What should you do now?
It sounds like your ex-husband intends to take 25 per cent of the pension fund as a tax free lump sum, and then either buy an annuity with or invest the remaining 75 per cent.
Whether you are entitled to receive 30 per cent of the tax free lump sum and 30 per cent of the income paid out through an annuity or from investments will depend on the wording of the pension attachment order.
Therefore, you should take the following action swiftly.
1. You should take legal advice about this and ask your lawyer to check the wording of the pension attachment order and make sure that you will still receive what the court originally envisaged for you in 2002.
If you will not, your lawyer will advise you on the steps you can take to protect your position, including applying to vary the original order in respect of pensions to ensure that you receive what was originally intended.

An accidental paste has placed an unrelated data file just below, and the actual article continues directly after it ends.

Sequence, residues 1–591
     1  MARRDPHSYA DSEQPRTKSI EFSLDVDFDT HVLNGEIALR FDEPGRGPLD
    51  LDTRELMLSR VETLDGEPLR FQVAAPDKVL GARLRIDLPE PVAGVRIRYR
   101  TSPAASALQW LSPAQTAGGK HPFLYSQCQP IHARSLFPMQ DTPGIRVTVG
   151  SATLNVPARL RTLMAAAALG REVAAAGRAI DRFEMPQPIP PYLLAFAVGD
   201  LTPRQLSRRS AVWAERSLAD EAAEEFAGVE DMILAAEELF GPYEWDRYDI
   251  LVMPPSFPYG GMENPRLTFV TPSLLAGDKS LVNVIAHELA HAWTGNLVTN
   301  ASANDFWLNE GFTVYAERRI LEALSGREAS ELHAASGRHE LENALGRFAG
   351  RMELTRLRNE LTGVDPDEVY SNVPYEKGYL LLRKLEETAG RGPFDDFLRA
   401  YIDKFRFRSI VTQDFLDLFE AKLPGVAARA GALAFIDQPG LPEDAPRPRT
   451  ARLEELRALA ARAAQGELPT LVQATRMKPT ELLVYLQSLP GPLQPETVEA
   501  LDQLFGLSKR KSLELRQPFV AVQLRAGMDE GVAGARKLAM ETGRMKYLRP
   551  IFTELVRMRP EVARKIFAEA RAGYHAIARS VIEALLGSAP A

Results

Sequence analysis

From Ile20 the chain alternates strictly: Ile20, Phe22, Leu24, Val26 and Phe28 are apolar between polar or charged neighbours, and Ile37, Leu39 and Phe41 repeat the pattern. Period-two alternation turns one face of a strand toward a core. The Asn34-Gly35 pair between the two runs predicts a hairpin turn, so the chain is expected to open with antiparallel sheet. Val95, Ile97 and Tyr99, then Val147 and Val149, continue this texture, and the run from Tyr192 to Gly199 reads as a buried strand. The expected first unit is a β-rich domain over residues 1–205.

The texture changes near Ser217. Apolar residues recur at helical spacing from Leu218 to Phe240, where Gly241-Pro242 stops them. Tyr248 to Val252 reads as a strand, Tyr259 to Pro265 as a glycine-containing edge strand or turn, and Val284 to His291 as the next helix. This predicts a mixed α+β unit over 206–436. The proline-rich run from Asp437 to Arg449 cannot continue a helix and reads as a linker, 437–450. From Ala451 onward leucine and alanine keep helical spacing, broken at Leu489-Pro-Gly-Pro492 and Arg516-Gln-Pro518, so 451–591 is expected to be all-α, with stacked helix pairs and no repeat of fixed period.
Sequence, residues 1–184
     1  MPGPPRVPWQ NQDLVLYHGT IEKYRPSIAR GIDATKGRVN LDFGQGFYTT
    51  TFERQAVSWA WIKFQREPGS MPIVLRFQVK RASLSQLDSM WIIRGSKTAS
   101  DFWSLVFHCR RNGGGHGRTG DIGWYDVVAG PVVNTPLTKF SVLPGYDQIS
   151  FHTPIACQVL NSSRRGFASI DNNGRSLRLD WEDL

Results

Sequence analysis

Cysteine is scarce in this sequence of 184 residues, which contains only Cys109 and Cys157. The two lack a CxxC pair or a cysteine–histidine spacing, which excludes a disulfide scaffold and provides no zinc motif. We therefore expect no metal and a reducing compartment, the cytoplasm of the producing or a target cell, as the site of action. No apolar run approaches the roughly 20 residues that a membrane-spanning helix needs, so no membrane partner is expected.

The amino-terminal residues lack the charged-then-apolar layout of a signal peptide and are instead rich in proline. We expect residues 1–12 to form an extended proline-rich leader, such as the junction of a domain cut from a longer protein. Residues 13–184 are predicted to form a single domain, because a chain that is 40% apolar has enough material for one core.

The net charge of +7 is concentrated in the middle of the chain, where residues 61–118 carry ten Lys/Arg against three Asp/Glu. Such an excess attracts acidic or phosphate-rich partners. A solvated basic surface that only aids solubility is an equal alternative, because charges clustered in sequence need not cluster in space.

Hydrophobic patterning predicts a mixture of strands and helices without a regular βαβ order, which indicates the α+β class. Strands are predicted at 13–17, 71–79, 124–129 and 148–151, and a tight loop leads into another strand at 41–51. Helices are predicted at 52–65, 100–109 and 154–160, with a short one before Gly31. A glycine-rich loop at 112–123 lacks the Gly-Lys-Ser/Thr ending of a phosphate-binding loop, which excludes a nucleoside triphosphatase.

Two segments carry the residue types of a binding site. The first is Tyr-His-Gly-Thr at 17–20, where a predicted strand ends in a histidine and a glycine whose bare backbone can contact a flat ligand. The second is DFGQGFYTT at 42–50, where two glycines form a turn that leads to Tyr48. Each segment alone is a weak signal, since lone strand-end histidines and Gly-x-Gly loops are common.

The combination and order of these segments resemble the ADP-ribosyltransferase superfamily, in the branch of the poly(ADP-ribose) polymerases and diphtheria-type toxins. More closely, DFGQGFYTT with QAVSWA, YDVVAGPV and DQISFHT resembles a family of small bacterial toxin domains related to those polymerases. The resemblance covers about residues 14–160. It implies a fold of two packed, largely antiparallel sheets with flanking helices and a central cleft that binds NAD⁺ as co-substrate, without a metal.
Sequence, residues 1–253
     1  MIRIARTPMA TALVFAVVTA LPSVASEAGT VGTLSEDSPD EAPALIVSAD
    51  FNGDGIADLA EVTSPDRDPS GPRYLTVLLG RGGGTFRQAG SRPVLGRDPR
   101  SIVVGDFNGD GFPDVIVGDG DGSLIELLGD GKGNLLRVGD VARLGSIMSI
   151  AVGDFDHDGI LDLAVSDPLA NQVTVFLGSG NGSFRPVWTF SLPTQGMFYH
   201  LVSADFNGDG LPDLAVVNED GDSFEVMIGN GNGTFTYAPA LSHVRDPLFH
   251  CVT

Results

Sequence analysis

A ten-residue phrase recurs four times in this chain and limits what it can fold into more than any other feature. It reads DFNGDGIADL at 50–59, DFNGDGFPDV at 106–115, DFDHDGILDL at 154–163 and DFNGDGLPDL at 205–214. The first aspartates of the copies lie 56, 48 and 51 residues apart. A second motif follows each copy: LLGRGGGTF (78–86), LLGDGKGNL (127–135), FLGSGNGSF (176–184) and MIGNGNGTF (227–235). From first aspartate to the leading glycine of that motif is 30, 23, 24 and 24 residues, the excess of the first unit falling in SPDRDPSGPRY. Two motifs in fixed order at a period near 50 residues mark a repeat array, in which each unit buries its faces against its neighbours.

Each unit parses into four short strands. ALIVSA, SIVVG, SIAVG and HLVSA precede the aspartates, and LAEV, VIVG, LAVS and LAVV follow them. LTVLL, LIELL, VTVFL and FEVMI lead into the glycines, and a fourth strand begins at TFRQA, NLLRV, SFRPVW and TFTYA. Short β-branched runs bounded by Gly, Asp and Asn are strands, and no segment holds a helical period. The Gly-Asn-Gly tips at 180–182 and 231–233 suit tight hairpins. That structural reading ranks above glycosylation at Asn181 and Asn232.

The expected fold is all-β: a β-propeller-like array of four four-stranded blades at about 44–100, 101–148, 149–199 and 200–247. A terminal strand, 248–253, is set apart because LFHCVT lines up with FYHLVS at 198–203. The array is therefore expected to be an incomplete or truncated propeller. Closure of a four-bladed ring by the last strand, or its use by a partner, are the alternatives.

The court can also order the pension trustees not to make any payments out of your ex-husband's fund until the issue is resolved.
2. You must also check that the trustees of your ex-husband’s pension scheme have a copy of the order and are aware of your interest and entitlement.
It would be sensible to contact them immediately and provide them with a copy of the pension attachment order.
3. As you and your ex-husband are both living abroad, there may be a risk that he could consider transferring the whole of his pension fund into an overseas pension, such as a Qualifying Recognised Overseas Pension Scheme (QROPS).
If that happens, the pension attachment order would become ineffective, as it cannot attach to such a scheme.
This is another reason to make sure that the pension trustees are aware of your interest in the fund and that they have received a copy of the court order.
This article original appeared in This is Money